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2021 Venice Biennale

| Designbest editorial staff


fter last year’s cancellation due to the Covid-19 crisis, the Venice Biennale is back with its 17th International Architecture exhibition.

From May 22nd to November 21, 2021, the Venice Biennale will open its doors to visitors in compliance with the health regulations in force. Some of the rules of entry have been changed to better manage the public health emergency. Tickets can only be purchased online and it will be necessary to book a visit to each exhibition space (Giardini and Arsenale) as in guided tours.

However, the program as always offers plenty to see, including installations and side events. First off, there is “How will we live together”, an exhibition which, under the guidance of the Biennale’s director Hashim Sarkis, has gathered 112 participants coming from 46 countries, especially in Africa, Latin America and Asia, in equal representation of men and women. Located in the Arsenale and the Biennale’s Central Pavilion, the exhibition’s five thematic scales include connections with other participations, from a collaboration with the Biennale Danza to the exhibition Future Assembly, a group exhibition by Studio Other Spaces. Among the installations that can be missed, “How will we play sport together”, exhibited at Forte Marghera, looks at the subject of play and sharing.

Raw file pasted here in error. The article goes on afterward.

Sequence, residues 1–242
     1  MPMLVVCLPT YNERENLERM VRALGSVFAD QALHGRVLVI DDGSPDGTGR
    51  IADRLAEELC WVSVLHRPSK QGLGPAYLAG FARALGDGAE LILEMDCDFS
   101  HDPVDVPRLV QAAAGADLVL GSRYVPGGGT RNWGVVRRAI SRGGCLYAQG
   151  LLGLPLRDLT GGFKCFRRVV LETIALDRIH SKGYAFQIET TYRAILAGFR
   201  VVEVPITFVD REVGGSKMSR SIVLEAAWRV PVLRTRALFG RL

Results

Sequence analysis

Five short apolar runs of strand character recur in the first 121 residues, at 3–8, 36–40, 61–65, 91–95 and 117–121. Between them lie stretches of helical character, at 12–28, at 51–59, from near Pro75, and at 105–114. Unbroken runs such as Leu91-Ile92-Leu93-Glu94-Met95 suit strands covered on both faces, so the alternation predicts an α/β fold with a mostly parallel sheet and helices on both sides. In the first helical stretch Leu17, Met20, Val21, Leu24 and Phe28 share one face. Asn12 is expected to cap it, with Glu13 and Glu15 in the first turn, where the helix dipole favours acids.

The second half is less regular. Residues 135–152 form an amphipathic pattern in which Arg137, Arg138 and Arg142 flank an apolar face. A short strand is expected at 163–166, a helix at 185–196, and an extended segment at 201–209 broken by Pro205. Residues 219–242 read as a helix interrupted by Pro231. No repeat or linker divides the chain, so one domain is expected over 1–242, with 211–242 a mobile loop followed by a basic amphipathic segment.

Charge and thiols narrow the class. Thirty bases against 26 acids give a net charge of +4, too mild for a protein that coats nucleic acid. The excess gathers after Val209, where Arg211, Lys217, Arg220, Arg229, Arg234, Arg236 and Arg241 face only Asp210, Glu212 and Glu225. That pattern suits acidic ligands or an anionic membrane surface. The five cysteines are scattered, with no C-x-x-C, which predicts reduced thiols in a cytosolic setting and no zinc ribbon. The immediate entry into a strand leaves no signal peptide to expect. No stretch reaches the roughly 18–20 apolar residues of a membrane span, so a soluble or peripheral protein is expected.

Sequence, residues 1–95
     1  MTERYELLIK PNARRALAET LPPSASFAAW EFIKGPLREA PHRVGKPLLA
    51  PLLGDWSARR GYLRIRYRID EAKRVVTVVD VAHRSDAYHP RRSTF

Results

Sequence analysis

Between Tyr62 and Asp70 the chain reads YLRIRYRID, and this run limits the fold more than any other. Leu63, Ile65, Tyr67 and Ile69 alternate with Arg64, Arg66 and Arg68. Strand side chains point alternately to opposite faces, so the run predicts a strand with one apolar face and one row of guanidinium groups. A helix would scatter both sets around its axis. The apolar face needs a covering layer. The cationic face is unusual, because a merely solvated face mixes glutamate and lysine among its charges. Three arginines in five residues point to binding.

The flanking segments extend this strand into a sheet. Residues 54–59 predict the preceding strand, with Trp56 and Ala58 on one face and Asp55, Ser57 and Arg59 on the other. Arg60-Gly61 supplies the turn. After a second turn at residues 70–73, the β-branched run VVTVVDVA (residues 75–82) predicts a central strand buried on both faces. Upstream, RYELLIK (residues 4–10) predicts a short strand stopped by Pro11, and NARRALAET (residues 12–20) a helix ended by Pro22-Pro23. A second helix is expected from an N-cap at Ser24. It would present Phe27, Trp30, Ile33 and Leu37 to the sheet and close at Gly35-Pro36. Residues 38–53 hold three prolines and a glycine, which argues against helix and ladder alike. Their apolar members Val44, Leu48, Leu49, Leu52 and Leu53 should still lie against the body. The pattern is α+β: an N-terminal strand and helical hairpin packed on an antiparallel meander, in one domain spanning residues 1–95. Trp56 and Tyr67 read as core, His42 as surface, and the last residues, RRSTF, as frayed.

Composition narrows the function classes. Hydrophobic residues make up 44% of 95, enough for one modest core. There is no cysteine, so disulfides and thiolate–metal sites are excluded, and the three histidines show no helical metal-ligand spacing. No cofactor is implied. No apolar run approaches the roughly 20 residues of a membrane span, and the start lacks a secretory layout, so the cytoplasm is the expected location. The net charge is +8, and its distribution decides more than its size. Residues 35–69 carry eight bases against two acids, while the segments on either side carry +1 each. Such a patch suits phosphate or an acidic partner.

Living together and sharing spaces is indeed theme of this Biennale, which Hashim Sarkis presented in July 2019, inviting architects to “imagine spaces in which we can generously live together” in the current environment where political divisions and rapidly increasing economic inequalities often predominate.

In light of new and inevitable forms of isolation emerging from the pandemic, the director of the Venice Biennale wanted to bring this subject up-to-date by reiterating the reasons which inspired him two years ago where “the intensifying climate crisis, massive population displacements, political instabilities around the world, and growing racial, social, and economic inequalities, among others - have led us to this pandemic and have become all the more relevant.”

Now more than ever, the Venice Biennale has become a symbol of this consideration, and its in-person opening has become an explicit invitation to better understand the current issues in order to propose one or more possible solutions together.


Where: Venice Biennale, Venice, Italy
When: May 22 – November 21, 2021

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